I know it’s a bit of a risk to say, but bullies and their victims have some similarities. At least that’s what a recent study completed by researchers from Martin Luther University Halle-Wittenberg suggests. The researchers obtained data from the World Health Organization who had interviewed approximately 3,000 adolescents from various countries. Specifically, the researchers used data from the United States (an individualistic society), Greece (a collectivist society), and Germany (which is between individualistic and collectivistic). In each of these countries, both victims of bullying and the perpetrators of bullying had several things in common.
- They were both more likely to use alcohol and tobacco.
- They were both more likely to have somatic complaints like stomach pain, back pain, and headaches.
- They were both more likely to suffer from depression.
- They both exhibited social difficulties. For instance, they both described difficulty talking to friends or peers and they both described feeling a lack of support in their social environment.
I find it fascinating that these two groups suffer similar pain. Why do I bring this up to families? Because families can help reduce bullying by giving their children the emotional resources both groups need to live healthier, “bully-free lives.” Here are a few of those resources.
- Develop a positive relationship with your children. Guide and discipline your children in love and grace (Do You Parent with a Club or a Staff?). Don’t bully them into obedience. Remember, relationships rule.
- Teach your children healthy social skills. Skills like politeness and respect for others carry great power. Model and practice politeness in your family.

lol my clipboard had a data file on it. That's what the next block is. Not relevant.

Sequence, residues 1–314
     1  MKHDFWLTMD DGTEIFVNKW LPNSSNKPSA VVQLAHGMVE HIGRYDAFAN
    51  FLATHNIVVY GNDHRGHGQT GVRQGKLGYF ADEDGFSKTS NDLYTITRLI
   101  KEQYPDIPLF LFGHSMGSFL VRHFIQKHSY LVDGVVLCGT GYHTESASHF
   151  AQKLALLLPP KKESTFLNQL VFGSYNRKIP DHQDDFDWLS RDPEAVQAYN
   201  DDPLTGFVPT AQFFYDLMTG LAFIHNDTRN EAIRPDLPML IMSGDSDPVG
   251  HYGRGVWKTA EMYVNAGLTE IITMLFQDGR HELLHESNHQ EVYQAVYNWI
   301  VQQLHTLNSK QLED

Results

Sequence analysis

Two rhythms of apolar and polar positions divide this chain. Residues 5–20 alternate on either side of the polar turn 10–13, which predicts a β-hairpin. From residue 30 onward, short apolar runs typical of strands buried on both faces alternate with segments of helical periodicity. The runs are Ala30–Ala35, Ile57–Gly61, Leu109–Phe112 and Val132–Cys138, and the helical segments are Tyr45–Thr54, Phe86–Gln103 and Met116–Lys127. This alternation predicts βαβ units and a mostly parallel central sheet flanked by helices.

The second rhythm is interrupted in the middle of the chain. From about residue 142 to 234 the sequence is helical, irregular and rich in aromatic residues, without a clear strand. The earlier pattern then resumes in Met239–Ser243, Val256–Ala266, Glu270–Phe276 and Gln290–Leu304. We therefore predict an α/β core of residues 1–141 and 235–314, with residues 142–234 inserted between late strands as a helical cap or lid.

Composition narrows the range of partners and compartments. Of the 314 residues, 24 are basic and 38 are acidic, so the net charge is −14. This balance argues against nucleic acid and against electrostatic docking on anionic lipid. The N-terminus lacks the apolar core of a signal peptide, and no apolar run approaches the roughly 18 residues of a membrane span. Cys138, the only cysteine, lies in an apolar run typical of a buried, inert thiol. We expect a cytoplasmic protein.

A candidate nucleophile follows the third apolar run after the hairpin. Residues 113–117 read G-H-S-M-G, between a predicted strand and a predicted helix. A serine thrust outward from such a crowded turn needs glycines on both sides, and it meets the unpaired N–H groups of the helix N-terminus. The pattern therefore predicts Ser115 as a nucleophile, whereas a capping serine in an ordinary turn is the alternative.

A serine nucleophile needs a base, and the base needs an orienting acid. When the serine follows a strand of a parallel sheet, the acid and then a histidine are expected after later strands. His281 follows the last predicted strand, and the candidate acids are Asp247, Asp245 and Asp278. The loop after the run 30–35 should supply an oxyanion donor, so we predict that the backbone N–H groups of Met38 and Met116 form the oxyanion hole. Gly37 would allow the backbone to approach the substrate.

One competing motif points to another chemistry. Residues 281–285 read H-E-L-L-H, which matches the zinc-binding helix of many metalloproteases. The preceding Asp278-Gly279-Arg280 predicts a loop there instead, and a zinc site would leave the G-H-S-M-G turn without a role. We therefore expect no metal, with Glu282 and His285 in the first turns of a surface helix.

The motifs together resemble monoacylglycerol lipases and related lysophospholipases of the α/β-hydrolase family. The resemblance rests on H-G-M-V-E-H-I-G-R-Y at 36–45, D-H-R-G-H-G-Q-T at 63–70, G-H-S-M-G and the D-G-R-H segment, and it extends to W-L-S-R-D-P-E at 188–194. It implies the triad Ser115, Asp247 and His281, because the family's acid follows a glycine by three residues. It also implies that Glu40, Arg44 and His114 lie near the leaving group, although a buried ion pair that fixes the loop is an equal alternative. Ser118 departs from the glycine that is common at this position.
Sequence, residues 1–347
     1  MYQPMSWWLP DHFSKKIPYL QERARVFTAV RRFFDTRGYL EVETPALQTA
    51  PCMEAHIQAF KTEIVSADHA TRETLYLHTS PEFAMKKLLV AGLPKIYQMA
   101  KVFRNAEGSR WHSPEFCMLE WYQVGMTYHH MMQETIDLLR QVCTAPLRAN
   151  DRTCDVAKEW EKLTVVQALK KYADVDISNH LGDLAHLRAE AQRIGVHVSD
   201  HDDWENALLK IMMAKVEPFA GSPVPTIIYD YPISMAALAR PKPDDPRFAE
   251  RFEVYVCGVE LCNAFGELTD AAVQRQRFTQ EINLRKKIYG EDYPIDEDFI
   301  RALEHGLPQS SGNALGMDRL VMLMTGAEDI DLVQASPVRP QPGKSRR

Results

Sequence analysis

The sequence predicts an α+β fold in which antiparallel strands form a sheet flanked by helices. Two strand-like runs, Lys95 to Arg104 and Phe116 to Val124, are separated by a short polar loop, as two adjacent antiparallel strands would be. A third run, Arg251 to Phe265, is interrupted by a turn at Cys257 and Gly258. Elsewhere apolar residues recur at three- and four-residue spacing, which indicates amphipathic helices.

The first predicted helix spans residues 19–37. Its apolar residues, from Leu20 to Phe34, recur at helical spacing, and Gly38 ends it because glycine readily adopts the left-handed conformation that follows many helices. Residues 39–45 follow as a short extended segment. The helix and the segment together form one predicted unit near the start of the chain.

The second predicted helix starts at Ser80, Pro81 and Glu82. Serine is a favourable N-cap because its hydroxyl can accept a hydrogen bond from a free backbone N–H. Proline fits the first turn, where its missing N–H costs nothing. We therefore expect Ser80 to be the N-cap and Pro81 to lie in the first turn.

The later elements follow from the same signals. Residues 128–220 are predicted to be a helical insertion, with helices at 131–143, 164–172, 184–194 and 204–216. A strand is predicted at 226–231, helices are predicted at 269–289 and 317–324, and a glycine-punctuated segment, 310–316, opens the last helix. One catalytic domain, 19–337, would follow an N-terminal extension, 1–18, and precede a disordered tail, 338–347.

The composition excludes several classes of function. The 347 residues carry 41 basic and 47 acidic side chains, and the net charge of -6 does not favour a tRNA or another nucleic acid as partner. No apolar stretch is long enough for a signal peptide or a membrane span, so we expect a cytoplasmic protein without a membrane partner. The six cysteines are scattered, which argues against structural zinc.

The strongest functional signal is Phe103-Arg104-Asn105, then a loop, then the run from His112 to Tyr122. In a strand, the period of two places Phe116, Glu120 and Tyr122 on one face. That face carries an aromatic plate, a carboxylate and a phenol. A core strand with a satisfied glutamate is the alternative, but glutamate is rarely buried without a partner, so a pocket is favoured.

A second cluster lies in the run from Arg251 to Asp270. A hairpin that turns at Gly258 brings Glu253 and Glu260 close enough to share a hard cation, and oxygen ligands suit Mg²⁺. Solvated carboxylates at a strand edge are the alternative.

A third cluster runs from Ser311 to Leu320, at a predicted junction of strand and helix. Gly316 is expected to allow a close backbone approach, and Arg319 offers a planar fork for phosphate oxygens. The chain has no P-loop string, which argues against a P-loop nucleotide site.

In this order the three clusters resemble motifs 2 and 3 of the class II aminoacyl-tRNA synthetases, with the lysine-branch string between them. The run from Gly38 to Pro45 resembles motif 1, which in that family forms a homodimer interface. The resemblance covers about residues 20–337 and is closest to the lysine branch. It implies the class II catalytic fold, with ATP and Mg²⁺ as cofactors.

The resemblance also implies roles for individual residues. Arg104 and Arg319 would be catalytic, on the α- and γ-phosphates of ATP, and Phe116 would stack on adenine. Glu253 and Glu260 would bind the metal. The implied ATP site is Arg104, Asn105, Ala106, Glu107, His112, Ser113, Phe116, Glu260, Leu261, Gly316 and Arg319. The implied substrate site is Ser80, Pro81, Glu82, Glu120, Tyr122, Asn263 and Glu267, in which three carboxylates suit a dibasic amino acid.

- Teach your children healthy emotional management skills. Learning “emotional intelligence” is crucial for anyone’s success. So, teach your children to label their emotions and use the energy aroused by their emotion to address healthy priorities in a healthy, respectful manner. (Here are 6 Tips to Make Your Children’s Emotions Your Friend. )
- Provide opportunities for your children to learn kindness If You Really Want Happy Kids, kindness is essential. Nurture kindness in your children by practicing kindness IN your family and AS a family. Volunteer together.
- Create a home environment filled with gratitude, encouragement, and honor. Honor one another enough to verbalize gratitude and encouragement to each family member every day. Doing so will help each person develop a mindset of looking for things they are grateful for in others. As you show gratitude and encouragement, your children will follow suit.
Five things you can do to prevent bullying. It may not end bullying completely But, if enough families develop the habits described above, we might just change they world!